Safety around horses on the road

Drivers admit lack of knowledge about how to drive around horses

One in twenty (6%) have had a near miss passing a horse and rider

One in twenty (6%) have had a near miss passing a horse and rider

Nearly one in ten (8%) drivers are not sure of the safest way to drive around horses, according to new figures from the AA Driving School.

The figure rose to more than one in ten among young drivers aged 18-to-24 (13%) and drivers in London (12%).

Given the lack of knowledge among drivers it is perhaps unsurprising that one in twenty drivers (6%) admit to having had a ‘near-miss’ when passing a horse and rider.

The figures, from an AA-Populus poll*, also highlighted almost one in five drivers (17%) think that horses should not be allowed on roads at all.

  • One in twenty (6%) have had a near miss passing a horse and rider
  • Even urban drivers need a theoretical knowledge of how to drive around all vulnerable road users
  • AA adds horse safety advice to website

Horses are large and powerful animals, and whether or not you think they should be allowed on the roads or not, the fact is that to keep our roads safe drivers need to know how to navigate them properly

Jim Kirkwood, MD of AA Driving School

Large and powerful animals

Jim Kirkwood, managing director of AA Driving School, said: “All drivers, even those who predominantly drive in urban areas, should have a thorough understanding of how to safely navigate around all other road users.

“Horses are large and powerful animals, and whether or not you think they should be allowed on the roads or not, the fact is that to keep our roads safe drivers need to know how to navigate them properly.

“Learner drivers will not always come across a horse in their lessons, particularly if they live in an urban area, so it is important this topic is covered theoretically with a through understanding of the Highway Code.

“Many drivers will feel intimidated by a horse on the roads and understanding what to do, and why riders do certain things, will help keep frustrations at bay on both sides.”

Not enough advice

The call for awareness to be raised around horse safety came from three AA Driving School instructors (Emma Gatfield, Worcester, Jo Rawlins, Bristol, and Andrea Gordon, Staines) who felt there was not enough advice readily-available for drivers.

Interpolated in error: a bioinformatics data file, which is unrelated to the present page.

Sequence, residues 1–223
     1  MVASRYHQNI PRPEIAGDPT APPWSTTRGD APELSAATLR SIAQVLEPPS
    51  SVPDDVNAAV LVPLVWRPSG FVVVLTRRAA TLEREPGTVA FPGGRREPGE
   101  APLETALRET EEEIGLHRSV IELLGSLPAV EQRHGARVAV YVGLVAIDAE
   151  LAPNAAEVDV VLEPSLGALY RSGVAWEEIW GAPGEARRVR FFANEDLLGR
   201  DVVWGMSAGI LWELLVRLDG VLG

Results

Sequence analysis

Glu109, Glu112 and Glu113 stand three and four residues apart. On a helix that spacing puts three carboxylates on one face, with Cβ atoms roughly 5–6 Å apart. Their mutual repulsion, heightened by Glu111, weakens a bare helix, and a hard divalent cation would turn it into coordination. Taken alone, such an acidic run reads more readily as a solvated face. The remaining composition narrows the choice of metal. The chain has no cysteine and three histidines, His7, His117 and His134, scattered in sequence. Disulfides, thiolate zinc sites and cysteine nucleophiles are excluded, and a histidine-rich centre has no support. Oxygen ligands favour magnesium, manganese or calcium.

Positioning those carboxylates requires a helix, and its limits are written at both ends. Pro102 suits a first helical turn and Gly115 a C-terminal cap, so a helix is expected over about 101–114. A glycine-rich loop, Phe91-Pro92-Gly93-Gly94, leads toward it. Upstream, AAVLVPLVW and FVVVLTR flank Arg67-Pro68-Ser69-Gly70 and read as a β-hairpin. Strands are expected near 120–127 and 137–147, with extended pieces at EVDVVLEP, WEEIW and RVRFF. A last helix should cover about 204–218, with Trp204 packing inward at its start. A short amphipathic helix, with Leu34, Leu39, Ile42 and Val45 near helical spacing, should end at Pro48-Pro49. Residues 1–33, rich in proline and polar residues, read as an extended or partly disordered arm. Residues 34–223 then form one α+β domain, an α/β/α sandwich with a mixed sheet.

See the issue from both sides

Emma said: “I live and work in a rural area and am a horse rider as well as a driver.

“Being able to see the issue from both sides made it clear to me that more could be done to try to help drivers understand what to do when they meet a horse on the roads.

“For learners it can be intimidating to suddenly be faced with a horse and rider and for riders it can be a scary experience if someone drivers irresponsibly around you.

“A bit a give and take on both sides and greater understanding means we can all share the roads safely.”

Intimidated

Andrea said: “Unless you already have some experience of horses and how they behave, it is easy to see why some drivers feel intimidated when they come across a horse.

“But drivers don’t need to become experts in horse behaviour; just a little understanding of what to do for the best when you do meet one on the roads would go a long way.

“Getting information out to drivers about what to do is really important and I hope that by speaking out we will achieve this.”

Understanding on both sides

Jo said: “As well as being a driving instructor, I am also a road safety instructor for horse riders. 

“There has to be understanding on both sides so that the roads can be shared safely. 

“Ultimately no driver or rider sets out on their journey wanting to have an accident and a bit of mutual understanding will go a long way to achieving that they do not.”

Basic advice

If you meet a horse on the road while driving:

  • Slow right down and be ready to stop
  • Give them a wide berth – at least a car’s width – and pass slowly
  • Avoid any actions likely to spook the horse(s) - splashing them with puddles, sounding your horn or revving your engine for example
  • Watch out for signals from the rider to slow down or stop
  • Don’t expect all riders to raise their hand in thanks when you drive considerately – if it’s not possible to take a hand off their reins and maintain control most will smile or nod their thanks instead.
  • Accelerate gently once you have passed the horse

More safety advice for drivers and riders »


(27 March 2014)

*Populus interviewed 23,700 adults aged 18+ on The AA-Populus online panel between 20 and 27 January 2014. Populus www.populus.co.uk is a founder member of the British Polling Council and abides by its rules.